Lilly and Bristol Report
This morning both Eli Lilly (NYSE:LLY) and Bristol Myers Squibb (NYSE:BMY) reported third quarter results which not so ironically involved a great deal of discussion on the GLP-1 market. Listening to both calls it seemed as if Lilly was playing the role of the Indianapolis Colts when they let future hall of fame quarterback Peyton Manning go to the Denver Broncos. Like the Broncos, Bristol believes that Bydureon will help lead the company to a leadership position in the growing and important GLP-1 market, just as the Broncos see the elder Manning leading the team back to the Superbowl.
The big difference here is that unlike the Colts who drafted Andrew Luck, who looks like the real deal, Lilly does not seem to have a future superstar in their pipeline. Today’s results were a perfect example of this as insulin sales are once again declining. Just as the Colts owners had to explain their rational for letting Mr. Manning go to the Broncos; Lilly’s management faced intense scrutiny during the question and answer portion of the call. Based on the number and tone of the questions it seems that analysts are beginning to wake up to what Diabetic Investor has been saying for some time, in that, Lilly can no longer be considered a leader in the diabetes market, their existing product portfolio is facing negative market dynamics and the pipeline isn’t all that spectacular.
The company did acknowledge that declining insulin sales were due to greater pricing pressure as payors understanding the leverage they have and are demanding greater price concessions. What analysts need to understand is that unfortunately the insulin market is following a path that eerily similar to the glucose monitoring market. Basically short-acting insulin’s are quickly becoming a commodity as there really isn’t that much difference between the three products currently on the market and that price will determine market share. Just as they did with glucose monitors payors are pitting one company against another; basically stating whoever capitulates to their pricing demands will get the business. In Chicago this is called extortion, in the wacky world of diabetes this is just normal business.
To their credit the company is preparing themselves for the coming of generic insulin, as they do have a generic version of Lantus underdevelopment which according to the company should be on the market shortly after Lantus loses patent protection. However, the rest of the diabetes pipeline as Diabetic Investor has been documenting is basically a series of me-too, copycat, late to market drugs which offer little in the way of distinguishing themselves from what’s already on the market. Something analysts are also beginning to see given the number of questions on Dulaglutide. No matter how the company tries to spin the answers to these questions, the more they try the more it seems as though they are talking themselves into the fact this is a good product when they really don’t believe it is. And frankly to bring up Tradjenta® as an example of how their diabetes strategy is working, is like telling St. Louis Cardinals fans that it’s just swell they blew three chances to get back to the World Series.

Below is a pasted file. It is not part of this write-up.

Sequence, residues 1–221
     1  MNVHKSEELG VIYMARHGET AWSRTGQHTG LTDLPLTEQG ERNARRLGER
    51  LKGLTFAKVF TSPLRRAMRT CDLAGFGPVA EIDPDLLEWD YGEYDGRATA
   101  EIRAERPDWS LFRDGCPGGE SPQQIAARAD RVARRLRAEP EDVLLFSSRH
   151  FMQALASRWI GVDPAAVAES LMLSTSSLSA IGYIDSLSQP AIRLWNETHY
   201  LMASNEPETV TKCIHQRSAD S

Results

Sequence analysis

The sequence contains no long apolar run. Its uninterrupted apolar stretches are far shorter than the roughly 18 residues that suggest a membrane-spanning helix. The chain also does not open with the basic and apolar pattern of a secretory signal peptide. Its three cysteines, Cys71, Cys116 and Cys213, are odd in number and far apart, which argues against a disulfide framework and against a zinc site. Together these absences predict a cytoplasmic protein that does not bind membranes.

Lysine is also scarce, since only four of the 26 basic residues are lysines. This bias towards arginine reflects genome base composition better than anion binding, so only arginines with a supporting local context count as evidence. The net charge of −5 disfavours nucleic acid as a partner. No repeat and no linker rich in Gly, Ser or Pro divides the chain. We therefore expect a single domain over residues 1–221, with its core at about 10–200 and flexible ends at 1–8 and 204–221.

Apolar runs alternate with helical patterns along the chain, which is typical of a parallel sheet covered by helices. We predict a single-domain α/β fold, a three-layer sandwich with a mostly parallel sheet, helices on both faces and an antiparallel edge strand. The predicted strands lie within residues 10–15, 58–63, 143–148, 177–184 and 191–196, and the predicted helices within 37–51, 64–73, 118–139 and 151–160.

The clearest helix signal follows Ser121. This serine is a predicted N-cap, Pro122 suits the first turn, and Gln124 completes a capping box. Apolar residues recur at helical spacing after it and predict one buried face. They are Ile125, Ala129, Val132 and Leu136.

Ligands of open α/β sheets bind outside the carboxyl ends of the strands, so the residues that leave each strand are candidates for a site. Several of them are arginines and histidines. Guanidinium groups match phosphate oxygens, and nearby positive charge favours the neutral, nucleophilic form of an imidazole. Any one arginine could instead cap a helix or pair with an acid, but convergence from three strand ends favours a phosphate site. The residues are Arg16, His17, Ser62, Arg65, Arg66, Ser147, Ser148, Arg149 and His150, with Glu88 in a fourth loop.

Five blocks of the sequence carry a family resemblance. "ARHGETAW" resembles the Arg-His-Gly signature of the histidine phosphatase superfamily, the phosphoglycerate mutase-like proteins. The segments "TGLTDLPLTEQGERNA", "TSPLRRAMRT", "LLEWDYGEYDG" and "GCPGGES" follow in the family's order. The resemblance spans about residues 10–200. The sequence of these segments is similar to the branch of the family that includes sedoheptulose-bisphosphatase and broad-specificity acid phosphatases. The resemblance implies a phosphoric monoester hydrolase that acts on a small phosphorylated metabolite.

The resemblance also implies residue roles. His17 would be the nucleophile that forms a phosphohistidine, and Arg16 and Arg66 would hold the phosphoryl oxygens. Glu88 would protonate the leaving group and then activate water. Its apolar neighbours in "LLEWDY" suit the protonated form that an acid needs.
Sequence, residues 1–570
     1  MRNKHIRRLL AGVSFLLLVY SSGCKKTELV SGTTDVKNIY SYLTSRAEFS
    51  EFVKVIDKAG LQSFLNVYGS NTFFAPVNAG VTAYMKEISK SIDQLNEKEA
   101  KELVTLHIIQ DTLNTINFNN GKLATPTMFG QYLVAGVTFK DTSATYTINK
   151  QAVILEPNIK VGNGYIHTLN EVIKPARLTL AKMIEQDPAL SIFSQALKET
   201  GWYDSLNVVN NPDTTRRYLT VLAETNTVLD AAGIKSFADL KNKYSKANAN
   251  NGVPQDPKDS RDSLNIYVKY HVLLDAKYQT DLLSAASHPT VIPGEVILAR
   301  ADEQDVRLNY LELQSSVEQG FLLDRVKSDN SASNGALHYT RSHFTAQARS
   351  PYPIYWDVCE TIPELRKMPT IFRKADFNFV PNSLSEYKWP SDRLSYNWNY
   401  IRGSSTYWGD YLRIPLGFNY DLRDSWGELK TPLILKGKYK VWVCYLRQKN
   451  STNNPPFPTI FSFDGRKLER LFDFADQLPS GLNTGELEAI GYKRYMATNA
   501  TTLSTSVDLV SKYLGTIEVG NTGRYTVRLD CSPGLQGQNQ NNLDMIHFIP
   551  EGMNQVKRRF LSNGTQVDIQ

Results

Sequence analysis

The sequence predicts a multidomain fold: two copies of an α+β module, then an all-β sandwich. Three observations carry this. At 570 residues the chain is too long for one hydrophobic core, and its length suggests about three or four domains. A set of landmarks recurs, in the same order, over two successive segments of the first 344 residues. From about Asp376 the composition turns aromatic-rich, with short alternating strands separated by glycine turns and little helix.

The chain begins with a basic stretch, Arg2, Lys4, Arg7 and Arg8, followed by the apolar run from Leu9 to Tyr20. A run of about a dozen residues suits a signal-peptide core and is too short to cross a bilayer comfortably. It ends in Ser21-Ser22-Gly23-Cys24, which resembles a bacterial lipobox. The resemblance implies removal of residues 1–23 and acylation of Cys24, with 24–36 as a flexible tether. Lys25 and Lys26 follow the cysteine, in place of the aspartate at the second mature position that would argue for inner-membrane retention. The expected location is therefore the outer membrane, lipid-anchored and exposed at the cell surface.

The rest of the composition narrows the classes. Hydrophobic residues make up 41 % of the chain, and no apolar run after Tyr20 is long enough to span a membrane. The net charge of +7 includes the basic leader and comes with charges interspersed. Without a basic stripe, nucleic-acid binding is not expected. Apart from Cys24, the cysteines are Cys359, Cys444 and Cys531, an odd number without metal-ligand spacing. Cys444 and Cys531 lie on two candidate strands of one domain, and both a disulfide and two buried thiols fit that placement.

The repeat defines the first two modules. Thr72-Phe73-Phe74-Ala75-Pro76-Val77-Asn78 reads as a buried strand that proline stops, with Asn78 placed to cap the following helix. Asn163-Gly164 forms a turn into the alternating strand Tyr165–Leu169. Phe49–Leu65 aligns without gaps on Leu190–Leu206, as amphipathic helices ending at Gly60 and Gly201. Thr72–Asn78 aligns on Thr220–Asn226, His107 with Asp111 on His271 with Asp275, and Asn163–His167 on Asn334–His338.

Bristol on the other hand hasn’t quite figured out what they have now that they own Amylin. Given the transaction was just finalized this isn’t all that unusual and as we noted well before this acquisition took place the early sales results for Bydureon aren’t all that important. Physicians are still in the “let’s see if it works as we think it will” stage and aren’t likely to prescribe Bydureon to a greater percentage of their patients until the pen delivery system becomes available. Diabetic Investor continues to hear good things from the physicians and patients who are using Bydureon and so far has heard nothing to change our opinion that if Bristol and AstraZeneca (NYSE:AZN), who reports earnings tomorrow, doesn’t screw this up Bydureon should become the next diabetes blockbuster.
The best way to look at the growing GLP-1 market is to look back on the insulin market before Lantus came along. Just like Bydureon there was a great deal of interest in Lantus before it actually hit the market and while it is now the world’s number one selling insulin it didn’t get there overnight. Just as they doing now with Bydureon, physicians tested Lantus on a small portion of their patient base to get a feel for how well it worked. Once physicians heard back from these patients and saw the results, it was off to the races with no looking back. Although Diabetic Investor isn’t quite ready to state that Bydureon will follow that exact same path, it does have that kind of potential.
It should also be noted that given the amount of money Bristol paid for Amylin, their renewed interest in the diabetes market and the fact they need Bydureon to be successful as they like everyone else in this industry have their own patent issues, makes Diabetic Investor more comfortable that Bydureon will reach its potential.
Lilly on the other hand seems to be a ship adrift in the ocean not knowing which direction the seas will take them. On the one hand they are desperately trying to convince everyone, including themselves that their pipeline is really exciting. Yet, on the other hand, they seemed resigned to the fact that insulin has become a commodity and better to get ahead of the curve with their own generic version of Lantus. Or as the old saying goes; “If you can’t beat’em, join’em.”